The flashing yellow crosswalk signal at Siskiyou Boulevard and Palm Street in Ashland has been out of order for months, perhaps dating as far back to late last summer.
When is this safety hazard going to be repaired and operational again?
— Robert J., Ashland
That out-of-order crosswalk signal has generated a lot of calls to the city of Ashland, Robert.
According to city officials, the pole holding the warning beacon was hit by a moving van in October, destroying the signal. The city then ordered a new unit that arrived on Jan. 14. However, the city electrician has been tied up on another project so the new beacon isn't installed yet.
Scott Fleury, engineering services manager for the city, said he expected the beacon to be up and operating by next week.
There are four pedestrian-activated flashing beacons on Siskiyou Boulevard between South Mountain Avenue and Wightman Street. They are designed to flash only when activated by a pedestrian who wants to cross Siskiyou Boulevard.
Robert, as you know, this is an area frequented by a lot of students at Southern Oregon University.
The university, as part of its new dormitory project, had planned to install four new high-intensity beacons to replace the older-style lights on Siskiyou.
Fleury said the city will take care of one of those four, by replacing the damaged Palm Street beacon with the newer style.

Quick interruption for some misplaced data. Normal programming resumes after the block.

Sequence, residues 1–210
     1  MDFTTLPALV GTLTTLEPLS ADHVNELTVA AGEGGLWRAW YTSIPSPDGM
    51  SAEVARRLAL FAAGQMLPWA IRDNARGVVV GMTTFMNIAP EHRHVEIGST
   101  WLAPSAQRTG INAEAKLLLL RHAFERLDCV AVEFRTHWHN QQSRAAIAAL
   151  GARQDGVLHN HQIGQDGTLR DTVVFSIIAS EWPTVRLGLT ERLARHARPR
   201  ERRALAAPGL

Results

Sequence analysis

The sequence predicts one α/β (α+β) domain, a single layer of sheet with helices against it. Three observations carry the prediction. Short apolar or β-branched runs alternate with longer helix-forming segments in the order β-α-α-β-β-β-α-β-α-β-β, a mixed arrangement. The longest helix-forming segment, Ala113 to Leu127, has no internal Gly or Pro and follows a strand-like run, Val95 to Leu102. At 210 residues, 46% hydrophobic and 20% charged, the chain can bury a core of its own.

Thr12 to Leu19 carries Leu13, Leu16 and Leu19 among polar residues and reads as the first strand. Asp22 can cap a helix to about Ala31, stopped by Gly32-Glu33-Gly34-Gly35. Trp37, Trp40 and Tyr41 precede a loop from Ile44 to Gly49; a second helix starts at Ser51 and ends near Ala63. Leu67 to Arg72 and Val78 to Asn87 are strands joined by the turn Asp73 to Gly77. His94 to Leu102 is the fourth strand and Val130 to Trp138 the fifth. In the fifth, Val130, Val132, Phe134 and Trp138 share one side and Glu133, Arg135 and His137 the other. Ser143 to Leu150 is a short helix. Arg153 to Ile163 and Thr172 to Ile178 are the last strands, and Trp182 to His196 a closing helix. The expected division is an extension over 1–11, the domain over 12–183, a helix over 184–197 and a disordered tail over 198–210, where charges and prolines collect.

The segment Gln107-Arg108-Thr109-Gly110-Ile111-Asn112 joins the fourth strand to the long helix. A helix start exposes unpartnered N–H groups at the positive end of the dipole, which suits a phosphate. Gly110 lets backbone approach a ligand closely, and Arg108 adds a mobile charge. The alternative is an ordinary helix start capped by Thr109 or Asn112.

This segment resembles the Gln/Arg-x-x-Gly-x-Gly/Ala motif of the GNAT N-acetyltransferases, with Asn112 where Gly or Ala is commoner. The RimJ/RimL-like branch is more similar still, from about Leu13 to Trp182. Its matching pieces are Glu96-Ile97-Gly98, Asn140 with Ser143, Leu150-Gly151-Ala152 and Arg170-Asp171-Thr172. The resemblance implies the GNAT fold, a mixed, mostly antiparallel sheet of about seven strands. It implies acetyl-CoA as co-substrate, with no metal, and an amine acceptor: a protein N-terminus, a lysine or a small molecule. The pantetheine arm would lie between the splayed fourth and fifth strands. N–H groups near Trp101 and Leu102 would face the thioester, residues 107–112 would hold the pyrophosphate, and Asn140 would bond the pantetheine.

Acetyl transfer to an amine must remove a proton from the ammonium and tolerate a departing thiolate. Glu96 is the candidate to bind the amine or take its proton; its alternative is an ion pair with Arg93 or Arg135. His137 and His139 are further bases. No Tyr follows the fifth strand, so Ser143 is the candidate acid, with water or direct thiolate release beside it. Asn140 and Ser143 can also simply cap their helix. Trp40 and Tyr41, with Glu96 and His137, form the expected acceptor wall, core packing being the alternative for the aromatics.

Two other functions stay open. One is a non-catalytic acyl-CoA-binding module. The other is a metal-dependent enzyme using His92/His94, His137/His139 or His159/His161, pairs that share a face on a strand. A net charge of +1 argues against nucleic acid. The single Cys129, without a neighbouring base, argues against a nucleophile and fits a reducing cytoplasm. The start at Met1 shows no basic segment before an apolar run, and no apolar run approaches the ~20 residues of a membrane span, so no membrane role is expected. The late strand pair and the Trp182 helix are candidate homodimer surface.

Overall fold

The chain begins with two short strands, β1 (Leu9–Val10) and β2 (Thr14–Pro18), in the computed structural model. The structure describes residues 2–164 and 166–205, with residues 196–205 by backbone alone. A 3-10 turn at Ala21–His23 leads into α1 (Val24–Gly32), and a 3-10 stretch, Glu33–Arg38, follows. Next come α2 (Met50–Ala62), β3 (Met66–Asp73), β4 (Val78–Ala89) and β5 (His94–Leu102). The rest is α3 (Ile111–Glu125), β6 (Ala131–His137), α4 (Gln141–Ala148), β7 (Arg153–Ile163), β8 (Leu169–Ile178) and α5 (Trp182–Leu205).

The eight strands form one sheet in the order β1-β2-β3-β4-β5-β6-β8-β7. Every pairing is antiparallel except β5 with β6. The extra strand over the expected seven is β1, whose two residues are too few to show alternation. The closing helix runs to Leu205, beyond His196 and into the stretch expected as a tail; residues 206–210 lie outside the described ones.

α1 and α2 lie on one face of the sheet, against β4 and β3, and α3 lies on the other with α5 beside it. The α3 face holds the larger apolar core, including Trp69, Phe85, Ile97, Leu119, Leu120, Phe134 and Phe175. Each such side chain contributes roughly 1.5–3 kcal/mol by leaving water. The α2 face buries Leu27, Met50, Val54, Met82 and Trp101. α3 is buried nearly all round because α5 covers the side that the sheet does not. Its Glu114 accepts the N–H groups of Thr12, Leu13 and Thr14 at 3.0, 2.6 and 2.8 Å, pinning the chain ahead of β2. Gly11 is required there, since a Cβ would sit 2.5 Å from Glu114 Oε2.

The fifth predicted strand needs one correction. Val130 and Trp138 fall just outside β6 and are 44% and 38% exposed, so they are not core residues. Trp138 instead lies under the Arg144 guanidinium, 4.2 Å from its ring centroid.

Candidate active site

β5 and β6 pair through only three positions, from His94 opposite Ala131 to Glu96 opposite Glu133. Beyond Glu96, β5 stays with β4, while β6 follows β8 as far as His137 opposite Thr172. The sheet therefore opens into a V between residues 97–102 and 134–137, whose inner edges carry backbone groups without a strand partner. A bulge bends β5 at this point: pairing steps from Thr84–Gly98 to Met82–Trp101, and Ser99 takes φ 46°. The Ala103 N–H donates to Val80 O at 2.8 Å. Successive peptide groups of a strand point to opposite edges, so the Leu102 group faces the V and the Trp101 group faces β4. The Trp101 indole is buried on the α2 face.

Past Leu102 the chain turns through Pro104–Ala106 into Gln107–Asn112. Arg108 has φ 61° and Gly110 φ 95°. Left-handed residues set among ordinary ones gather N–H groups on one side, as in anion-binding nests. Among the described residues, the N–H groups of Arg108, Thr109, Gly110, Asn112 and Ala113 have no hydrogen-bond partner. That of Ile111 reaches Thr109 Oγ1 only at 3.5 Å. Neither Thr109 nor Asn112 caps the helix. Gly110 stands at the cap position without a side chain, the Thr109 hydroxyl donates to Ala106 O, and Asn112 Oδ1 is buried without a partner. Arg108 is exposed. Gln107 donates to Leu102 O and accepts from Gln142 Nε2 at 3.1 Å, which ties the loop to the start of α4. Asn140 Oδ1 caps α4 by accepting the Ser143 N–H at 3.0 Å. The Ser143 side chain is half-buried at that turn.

The beacons cost $8,000 to $10,000 for each crossing, he said.
The control units for the lights are custom-made, which is the main reason it has taken so long to get the new beacon control system, Fleury said.
The city has some words of advice for pedestrians using the crosswalk: Even when the signal is flashing, pedestrians should use caution and check to be sure that drivers in each lane are aware of your presence and that vehicles are able to stop before you step off the curb and enter the lane.
Look for approaching traffic before stepping into any crosswalk. The flashing beacons are not a traffic signal and drivers are not required to stop if they cannot do so safely.
For drivers, the city also offers some words of warning:
If you see a flashing beacon, a pedestrian is intending to cross the street. State law requires drivers to stop if they can do so safely and remain stopped until the pedestrians have cleared the drivers' lane and the adjacent lane.
Passing another vehicle stopped at a crosswalk is a violation of state law and is particularly dangerous because the stopped vehicle may be shielding a crossing pedestrian from the view of other drivers.
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